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(Above) Chicago Journeymen Plumbers, Local 130, mix what they assure the public is environmentally-friendly vegetable-based orange dye into the Chicago River on March 11, turning the river bright green. (Click on images to view larger versions.)

With the Chicago River recovering from decades of environmental abuse, do we really need to dump dye into it every St. Patrick’s Day or whenever the Cubs win the World Series? The organization working to improve and protect the Chicago River says now may be a good time to find other ways to celebrate.

25-Mar-17 – Though it may attract tens of thousands of people to the Chicago River each St. Patrick’s Day, not everyone is convinced dyeing the river green – or any color – is a good idea.

Margaret Frisbie, executive director of the 6,000-member nonprofit Friends of the Chicago River, says with the river healthier than it has been in more than 150 years, now may be a good time to end the 55-year-old tradition.

Photo by Steven Dahlman “We’re getting to the point where perhaps dyeing the river green is not the best way to celebrate St. Patrick’s Day,” says Frisbie (left), “because we believe that it makes people think that the Chicago River is not as healthy as it actually is.”

When the annual tradition started in 1962, before laws compelled manufacturers to trap pollutants, worse things than orange dye were going into the Chicago River.

Now, with its 70 species of fish, plants, canoes, kayaks, and talk of people swimming in the river someday soon, Friends of the Chicago River, says Frisbie, is “examining what the best practices are and what they should be.”

For one thing, what exactly is in the orange dye?

“Everyone says it’s a secret recipe,” says Frisbie. “We’ve never seen a permit for what they put in the river. The way that the rules work is that Illinois [Environmental Protection Agency] is required to give a permit to anybody who discharges into the river – anything. And so, they should have a permit that would mean the Illinois EPA has tested and looked into what is in the dye. And if they haven’t done that, then the Illinois EPA is not doing their job.”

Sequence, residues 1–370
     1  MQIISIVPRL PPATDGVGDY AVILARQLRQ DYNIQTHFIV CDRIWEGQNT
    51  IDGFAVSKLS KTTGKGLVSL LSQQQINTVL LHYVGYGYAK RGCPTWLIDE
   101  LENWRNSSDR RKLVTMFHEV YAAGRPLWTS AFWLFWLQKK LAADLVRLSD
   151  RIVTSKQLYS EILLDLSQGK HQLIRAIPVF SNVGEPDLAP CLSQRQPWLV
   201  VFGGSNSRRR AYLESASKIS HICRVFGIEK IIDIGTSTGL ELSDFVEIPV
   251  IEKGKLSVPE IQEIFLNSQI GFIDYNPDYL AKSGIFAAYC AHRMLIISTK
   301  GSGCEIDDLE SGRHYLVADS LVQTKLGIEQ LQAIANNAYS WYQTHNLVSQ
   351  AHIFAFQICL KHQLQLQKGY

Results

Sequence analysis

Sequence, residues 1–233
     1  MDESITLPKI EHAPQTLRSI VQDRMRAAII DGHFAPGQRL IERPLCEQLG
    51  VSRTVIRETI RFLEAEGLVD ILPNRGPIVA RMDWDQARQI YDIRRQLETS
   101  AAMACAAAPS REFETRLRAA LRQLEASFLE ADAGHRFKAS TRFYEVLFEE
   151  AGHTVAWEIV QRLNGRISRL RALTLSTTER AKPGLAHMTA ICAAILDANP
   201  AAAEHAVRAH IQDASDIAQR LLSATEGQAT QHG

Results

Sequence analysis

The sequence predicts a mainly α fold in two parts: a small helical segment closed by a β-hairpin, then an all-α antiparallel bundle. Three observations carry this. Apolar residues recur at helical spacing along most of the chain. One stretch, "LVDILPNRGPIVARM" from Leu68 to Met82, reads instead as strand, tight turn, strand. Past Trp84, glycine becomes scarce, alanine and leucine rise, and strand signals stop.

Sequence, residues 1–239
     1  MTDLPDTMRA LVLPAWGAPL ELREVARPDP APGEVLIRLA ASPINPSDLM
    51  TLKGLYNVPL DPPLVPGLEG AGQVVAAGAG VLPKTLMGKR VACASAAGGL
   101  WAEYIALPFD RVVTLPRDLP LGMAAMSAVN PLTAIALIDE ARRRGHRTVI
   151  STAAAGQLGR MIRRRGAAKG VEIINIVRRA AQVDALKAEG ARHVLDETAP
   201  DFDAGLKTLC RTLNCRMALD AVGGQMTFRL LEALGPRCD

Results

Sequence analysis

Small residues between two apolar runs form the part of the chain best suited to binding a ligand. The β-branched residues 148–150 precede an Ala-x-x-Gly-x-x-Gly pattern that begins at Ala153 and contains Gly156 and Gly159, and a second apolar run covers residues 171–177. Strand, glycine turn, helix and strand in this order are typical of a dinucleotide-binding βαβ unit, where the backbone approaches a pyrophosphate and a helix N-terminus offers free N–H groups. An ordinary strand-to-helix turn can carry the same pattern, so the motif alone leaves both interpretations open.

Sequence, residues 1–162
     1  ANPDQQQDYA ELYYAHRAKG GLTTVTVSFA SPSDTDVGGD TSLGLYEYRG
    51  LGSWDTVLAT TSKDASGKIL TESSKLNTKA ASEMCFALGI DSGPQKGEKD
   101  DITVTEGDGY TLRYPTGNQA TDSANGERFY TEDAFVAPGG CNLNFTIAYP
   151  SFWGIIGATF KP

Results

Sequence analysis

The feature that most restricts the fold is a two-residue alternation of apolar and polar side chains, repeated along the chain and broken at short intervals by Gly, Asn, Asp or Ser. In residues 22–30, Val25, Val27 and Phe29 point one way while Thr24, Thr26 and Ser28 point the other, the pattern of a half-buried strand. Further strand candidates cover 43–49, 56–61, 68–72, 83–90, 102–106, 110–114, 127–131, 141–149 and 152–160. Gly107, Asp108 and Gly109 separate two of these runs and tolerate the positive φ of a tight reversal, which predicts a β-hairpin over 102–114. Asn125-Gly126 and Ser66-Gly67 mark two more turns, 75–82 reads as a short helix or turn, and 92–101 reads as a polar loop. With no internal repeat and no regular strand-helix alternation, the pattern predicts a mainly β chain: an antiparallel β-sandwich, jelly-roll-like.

Though she says they are not actively trying to shut down the annual dyeing, and have nothing personally against Chicago Journeymen Plumbers, Local 130, which organizes the event, the river has changed, says Frisbie, “so we need to rethink how we use it.”

“You think about the comparison of…the Mississippi River, a wild and scenic river – nobody would ever let them dye it green.”

Or blue. When the Chicago River was dyed blue on November 4, 2016, to celebrate the Chicago Cubs winning the World Series, Friends of the Chicago River was not as amused as were Cubs fans.

“We were thrilled that the Cubs won but it’s a terrible precedent to set, that you can dye the river…for whatever occasion suits you.”

(Right) Hundreds of people on the Dearborn Street Bridge watch the dyeing of the Chicago River on March 14, 2015. Photo by Steven Dahlman

Compared with decades of sewage going in the river, the occasional dye is not a top priority but Friends of the Chicago River has started to examine the issue more closely, with the goal that the river-dyeing tradition will eventually end.

“Maybe it goes out with a big hurrah one day where this is it, we’re done, the river is alive, and let’s celebrate a new way – and giant green shamrocks made of food coloring and ice melt away into the river rather than a comedy of color – an amusement park theme as opposed to a natural resource.”

Chicago Journeymen Plumbers Local 130 and Illinois EPA were invited by email to comment but neither organization responded.